Duke of Naples

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The Dukes of Naples were the military commanders of the ducatus Neapolitanus, a Byzantine outpost in Italy, one of the few remaining after the conquest of the Lombards. In 661, Emperor Constans II, highly interested in south Italian affairs (he established his court in Syracuse), appointed a Neapolitan named Basil dux or magister militum. Thereafter a line of dukes, often largely independent and dynastic from the mid-ninth century, ruled until the coming of the Normans, a new menace they could not weather. The thirty-ninth and last duke, Sergius VII, surrendered his city to King Roger II of Sicily in 1137.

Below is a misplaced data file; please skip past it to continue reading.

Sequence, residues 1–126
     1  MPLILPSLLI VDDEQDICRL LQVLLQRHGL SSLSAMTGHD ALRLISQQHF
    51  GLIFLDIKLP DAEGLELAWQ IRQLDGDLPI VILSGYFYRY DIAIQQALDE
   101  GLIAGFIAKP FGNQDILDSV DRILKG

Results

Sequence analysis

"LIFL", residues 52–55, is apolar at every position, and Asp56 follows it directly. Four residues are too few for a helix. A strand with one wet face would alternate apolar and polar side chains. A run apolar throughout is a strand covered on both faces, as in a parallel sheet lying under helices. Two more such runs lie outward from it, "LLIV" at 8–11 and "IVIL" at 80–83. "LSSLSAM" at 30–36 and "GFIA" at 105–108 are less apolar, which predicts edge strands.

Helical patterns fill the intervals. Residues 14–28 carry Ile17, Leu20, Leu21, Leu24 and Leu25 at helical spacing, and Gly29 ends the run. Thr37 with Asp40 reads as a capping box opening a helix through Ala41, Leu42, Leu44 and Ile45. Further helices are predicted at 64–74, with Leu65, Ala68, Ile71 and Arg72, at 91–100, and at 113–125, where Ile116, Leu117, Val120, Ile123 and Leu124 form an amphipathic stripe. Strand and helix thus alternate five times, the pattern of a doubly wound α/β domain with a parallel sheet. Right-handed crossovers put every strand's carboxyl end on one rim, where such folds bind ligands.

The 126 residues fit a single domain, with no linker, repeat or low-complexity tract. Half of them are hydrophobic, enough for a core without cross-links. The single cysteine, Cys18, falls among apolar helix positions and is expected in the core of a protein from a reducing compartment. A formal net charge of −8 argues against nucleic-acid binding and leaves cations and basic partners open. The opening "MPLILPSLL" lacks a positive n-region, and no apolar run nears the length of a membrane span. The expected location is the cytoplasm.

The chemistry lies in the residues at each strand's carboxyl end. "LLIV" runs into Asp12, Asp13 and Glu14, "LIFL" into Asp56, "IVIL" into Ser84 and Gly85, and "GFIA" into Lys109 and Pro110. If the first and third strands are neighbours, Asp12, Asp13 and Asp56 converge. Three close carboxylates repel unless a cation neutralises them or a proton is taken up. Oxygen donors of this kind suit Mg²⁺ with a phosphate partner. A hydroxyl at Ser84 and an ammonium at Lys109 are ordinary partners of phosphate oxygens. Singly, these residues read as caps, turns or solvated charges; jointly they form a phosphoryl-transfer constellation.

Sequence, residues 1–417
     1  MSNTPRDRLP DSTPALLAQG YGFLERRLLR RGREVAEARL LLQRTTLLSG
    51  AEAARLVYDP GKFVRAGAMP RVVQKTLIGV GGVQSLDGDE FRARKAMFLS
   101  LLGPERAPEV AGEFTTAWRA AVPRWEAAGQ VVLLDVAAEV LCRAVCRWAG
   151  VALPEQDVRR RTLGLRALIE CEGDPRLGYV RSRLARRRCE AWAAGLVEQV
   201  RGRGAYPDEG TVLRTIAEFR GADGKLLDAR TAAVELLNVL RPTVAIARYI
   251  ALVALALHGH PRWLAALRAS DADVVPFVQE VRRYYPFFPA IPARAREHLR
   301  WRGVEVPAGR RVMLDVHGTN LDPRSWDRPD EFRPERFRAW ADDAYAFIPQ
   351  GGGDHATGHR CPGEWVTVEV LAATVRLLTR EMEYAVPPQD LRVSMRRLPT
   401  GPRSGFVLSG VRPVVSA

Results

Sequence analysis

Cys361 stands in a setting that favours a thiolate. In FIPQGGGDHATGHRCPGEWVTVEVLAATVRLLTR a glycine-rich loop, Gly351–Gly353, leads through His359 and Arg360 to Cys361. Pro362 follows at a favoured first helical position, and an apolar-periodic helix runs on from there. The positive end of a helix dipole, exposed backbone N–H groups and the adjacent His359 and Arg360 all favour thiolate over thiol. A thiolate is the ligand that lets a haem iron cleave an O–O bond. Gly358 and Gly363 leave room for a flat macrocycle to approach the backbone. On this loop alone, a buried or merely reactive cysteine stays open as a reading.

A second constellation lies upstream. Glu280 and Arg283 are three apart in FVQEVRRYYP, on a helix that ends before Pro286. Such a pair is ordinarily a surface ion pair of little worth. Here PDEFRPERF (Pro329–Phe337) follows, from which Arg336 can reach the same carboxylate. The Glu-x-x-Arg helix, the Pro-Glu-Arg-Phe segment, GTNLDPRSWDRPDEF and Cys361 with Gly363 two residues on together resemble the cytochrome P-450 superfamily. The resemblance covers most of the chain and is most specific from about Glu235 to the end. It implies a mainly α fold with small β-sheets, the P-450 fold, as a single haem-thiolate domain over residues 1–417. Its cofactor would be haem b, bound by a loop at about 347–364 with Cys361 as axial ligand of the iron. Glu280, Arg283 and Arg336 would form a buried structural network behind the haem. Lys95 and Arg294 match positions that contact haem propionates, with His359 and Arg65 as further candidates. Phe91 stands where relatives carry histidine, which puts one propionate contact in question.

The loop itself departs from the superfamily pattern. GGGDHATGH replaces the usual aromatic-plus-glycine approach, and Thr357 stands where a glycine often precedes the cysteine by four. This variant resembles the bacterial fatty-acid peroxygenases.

Dukes appointed by Byzantium[edit]

Hereditary dukes[edit]

These dukes were more independent than their predecessors and they were not chosen by the emperor, but the descendants of Sergius I, who was elected by the citizens.

Sergian dynasty (Sergii)[edit]

In 1139, Naples capitulated to the Normans and shortly after elected a Norman ruler from the ruling dynasty.[2]

House of Hauteville[edit]

In 1154, William succeeded to the Sicilian crown and the line of dukes ends.


  1. ^ He was the son of Bonus and ruled six months before being deposed by his father-in-law, Andrew II, in September, cf. Raffaele Matarazzo (ed.), Storia dei longobardi beneventani (Naples: 1999), p. 26, and Alessandro Pratesi, "Andrea", Dizionario Biografico degli Italiani, Volume 3 (Rome: 1961)..
  2. ^ The late chronology is taken from Paul Arthur, Naples, from Roman Town to City-state: An Archaeological Perspective (London: British School at Rome, 2002), p. 167.


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